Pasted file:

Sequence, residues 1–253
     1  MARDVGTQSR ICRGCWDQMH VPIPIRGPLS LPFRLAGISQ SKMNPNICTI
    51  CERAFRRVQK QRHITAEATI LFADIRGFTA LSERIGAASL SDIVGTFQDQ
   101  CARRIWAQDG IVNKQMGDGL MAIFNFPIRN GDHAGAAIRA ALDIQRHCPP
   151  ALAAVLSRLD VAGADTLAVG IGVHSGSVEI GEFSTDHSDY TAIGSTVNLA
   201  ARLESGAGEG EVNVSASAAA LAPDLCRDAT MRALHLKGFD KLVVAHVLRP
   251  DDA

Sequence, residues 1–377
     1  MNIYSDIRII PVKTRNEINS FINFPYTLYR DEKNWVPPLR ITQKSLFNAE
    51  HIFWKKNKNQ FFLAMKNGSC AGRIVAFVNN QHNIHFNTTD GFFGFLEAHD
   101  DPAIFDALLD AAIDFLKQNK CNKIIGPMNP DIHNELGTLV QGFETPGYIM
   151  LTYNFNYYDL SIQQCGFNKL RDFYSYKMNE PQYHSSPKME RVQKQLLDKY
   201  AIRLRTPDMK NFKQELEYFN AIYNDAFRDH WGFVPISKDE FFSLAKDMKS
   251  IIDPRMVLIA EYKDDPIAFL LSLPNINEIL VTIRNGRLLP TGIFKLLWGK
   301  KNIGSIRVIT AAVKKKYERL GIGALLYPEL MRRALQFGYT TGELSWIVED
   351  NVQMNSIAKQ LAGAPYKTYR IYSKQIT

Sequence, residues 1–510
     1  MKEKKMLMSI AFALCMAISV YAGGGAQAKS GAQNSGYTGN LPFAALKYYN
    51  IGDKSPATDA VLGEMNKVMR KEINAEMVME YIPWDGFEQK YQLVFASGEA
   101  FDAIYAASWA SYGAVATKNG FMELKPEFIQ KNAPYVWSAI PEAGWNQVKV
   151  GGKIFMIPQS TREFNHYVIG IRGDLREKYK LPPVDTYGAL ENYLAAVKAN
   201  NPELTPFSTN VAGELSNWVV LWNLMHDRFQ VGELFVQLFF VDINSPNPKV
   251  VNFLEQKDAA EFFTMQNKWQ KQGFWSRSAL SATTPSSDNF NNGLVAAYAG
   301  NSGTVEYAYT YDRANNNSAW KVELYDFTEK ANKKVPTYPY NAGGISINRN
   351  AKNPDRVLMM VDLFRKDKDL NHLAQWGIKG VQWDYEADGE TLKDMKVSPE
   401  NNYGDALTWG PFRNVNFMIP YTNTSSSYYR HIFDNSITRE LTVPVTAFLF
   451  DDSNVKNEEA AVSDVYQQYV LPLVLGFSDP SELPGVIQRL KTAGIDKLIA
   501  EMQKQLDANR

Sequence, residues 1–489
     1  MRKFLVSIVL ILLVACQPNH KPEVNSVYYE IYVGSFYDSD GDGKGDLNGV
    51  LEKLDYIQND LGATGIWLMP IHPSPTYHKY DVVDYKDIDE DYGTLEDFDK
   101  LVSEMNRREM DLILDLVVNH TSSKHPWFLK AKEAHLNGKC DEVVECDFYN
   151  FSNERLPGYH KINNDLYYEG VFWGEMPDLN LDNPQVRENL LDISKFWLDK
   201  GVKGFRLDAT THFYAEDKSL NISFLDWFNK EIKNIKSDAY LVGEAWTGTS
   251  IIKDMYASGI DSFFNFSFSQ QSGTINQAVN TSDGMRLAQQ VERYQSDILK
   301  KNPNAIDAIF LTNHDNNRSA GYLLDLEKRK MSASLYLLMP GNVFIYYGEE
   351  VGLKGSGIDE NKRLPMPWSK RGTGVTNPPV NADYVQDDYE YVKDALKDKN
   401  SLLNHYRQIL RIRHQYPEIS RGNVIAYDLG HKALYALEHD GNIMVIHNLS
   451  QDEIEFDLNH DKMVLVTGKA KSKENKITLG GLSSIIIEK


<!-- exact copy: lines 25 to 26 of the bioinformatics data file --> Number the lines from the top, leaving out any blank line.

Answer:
   351  AKNPDRVLMM VDLFRKDKDL NHLAQWGIKG VQWDYEADGE TLKDMKVSPE
   401  NNYGDALTWG PFRNVNFMIP YTNTSSSYYR HIFDNSITRE LTVPVTAFLF